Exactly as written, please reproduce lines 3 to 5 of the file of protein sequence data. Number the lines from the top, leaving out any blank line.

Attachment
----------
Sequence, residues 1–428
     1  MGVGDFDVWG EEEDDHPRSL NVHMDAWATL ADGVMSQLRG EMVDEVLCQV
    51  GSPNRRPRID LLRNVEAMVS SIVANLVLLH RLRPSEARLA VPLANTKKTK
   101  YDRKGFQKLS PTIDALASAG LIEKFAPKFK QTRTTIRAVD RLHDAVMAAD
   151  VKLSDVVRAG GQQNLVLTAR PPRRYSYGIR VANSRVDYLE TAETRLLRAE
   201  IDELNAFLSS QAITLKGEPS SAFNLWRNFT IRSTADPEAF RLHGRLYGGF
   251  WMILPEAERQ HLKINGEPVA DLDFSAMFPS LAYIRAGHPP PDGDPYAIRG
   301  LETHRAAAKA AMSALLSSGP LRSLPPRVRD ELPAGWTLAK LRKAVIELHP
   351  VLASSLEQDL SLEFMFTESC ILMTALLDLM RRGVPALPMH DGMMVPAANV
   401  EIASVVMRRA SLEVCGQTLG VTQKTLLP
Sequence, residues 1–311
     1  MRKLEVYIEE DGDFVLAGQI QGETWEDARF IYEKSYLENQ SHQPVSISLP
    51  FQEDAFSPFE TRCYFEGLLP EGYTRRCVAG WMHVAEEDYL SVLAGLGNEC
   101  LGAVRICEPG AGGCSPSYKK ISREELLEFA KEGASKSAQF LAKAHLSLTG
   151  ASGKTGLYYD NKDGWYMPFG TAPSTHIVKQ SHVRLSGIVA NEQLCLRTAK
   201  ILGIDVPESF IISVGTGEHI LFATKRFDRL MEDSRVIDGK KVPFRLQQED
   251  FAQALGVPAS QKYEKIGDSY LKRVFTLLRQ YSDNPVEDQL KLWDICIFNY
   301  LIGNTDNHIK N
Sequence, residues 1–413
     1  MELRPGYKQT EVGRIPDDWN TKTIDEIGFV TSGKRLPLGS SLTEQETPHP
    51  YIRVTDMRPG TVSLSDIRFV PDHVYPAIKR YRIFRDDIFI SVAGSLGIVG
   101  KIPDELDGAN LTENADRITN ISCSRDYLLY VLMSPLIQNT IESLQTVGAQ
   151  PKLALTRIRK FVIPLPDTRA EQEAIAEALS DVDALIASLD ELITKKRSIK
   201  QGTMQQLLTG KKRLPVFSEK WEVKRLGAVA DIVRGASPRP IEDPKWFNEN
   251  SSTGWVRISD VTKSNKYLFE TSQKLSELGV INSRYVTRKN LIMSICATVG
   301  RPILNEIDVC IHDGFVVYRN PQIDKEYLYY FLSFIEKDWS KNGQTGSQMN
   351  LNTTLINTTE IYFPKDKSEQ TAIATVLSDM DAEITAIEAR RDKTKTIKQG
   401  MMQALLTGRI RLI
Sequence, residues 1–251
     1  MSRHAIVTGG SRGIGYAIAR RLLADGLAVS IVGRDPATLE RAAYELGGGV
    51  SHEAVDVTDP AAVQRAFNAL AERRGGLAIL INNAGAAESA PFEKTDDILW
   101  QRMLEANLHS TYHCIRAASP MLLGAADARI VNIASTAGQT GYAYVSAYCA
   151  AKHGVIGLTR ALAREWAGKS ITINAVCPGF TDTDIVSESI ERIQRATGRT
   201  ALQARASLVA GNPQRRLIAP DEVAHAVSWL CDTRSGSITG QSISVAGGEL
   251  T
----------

    51  GSPNRRPRID LLRNVEAMVS SIVANLVLLH RLRPSEARLA VPLANTKKTK
   101  YDRKGFQKLS PTIDALASAG LIEKFAPKFK QTRTTIRAVD RLHDAVMAAD
   151  VKLSDVVRAG GQQNLVLTAR PPRRYSYGIR VANSRVDYLE TAETRLLRAE